The Syrian government says it has begun an assault on the western town of Jisr al-Shughour. Officials say they are liberating the town from "armed gangs" who killed 120 soldiers, while residents are fleeing what they fear will be a massacre of civilians. Meanwhile, demonstrations flared in several locales as Syrian forces reportedly killed at least two protesters.
Syrian state television says the government is responding to the call for help by citizens of Jisr al-Shughour and is pursuing "organized armed groups" and making arrests.
The town, normally home to some 50,000 people, is said to be largely deserted as residents fled ahead of the assault, a response to the disputed killing of security personnel.
Witnesses say remaining residents have set up barricades to slow the advance of dozens of tanks and armored vehicles converging on the town. Gunfire has been reported in villages on the approach.
Details are hard to confirm, as phone and Internet service to the area has been largely cut off. Many in the area have sought safety elsewhere in Syria and across the nearby border with Turkey. Abdulkerim Haji Yousef is among the some 2000 Syrians who have crossed the border.
The refugee says President Bashar al-Assad is killing his own people to stay in power. Assad has faced months of anti-government protests, at first a call for reform. But as the crackdown on demonstrators has escalated, his opponents want him out.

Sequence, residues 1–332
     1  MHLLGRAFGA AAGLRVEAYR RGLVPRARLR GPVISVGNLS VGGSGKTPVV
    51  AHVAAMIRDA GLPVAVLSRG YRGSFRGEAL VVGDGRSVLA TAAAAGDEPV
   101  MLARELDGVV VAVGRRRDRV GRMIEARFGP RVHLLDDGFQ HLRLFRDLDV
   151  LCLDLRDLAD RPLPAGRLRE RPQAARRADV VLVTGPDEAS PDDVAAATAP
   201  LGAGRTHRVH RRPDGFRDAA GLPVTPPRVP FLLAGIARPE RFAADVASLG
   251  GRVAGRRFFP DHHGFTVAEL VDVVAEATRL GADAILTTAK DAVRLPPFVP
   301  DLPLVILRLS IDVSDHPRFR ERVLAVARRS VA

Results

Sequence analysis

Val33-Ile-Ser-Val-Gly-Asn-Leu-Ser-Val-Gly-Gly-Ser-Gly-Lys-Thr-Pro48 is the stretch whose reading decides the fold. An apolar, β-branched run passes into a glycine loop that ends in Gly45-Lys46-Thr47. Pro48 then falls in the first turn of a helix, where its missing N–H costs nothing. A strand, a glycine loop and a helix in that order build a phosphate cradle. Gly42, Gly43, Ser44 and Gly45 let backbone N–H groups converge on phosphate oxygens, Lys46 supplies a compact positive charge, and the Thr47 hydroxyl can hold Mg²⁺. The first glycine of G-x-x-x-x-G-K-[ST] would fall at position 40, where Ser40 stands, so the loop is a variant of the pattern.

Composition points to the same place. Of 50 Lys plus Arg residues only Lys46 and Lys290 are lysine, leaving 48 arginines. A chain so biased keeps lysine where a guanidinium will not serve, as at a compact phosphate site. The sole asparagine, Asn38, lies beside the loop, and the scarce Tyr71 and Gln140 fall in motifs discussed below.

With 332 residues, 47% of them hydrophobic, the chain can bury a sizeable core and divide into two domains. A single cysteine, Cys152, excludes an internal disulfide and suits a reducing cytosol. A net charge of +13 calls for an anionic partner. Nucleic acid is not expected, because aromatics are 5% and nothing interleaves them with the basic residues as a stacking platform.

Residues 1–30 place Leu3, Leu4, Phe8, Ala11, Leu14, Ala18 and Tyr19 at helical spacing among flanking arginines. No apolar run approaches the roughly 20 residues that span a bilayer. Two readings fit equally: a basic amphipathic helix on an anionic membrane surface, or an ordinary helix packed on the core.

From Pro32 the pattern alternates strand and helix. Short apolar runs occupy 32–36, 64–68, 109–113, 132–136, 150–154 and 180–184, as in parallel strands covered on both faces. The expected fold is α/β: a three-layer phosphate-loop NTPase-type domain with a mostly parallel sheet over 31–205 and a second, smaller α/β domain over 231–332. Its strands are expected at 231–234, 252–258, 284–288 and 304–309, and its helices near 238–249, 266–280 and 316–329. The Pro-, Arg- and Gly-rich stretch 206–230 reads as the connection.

Amateur video has emerged of a protest said to be from last week in Jisr al-Shughour that prompted troops to move in during the days that followed. The government says its forces were ambushed and killed.
Residents refute the claim, saying the victims included soldiers who refused to open fire on civilians and were then killed by loyalist troops. The Syrian governments crackdown against protesters across the country has been condemned by human rights groups.
The United Nations Security Council is considering its own censure of Syrian actions, but the Western-backed move is being resisted by Russia. Turkey's Prime Minister Recep Tayyip Erdogan, who has tried to improve relations with Syria in recent years, says he has been in contact with President Assad and is urging him to enact reforms.
Erdogan called the crackdown "unacceptable" and referred to some of the actions of Syrian security forces as an "atrocity."
In the interim, Turkish relief workers have been setting up refugee camps to shelter those fleeing the violence. And the International Committee for the Red Cross Friday called for access to those areas of Syria where the violence has occurred.
Rights groups say 1,300 people have been killed in the unrest, mainly civilians. The government rejects those numbers and says hundreds of its own security have been killed.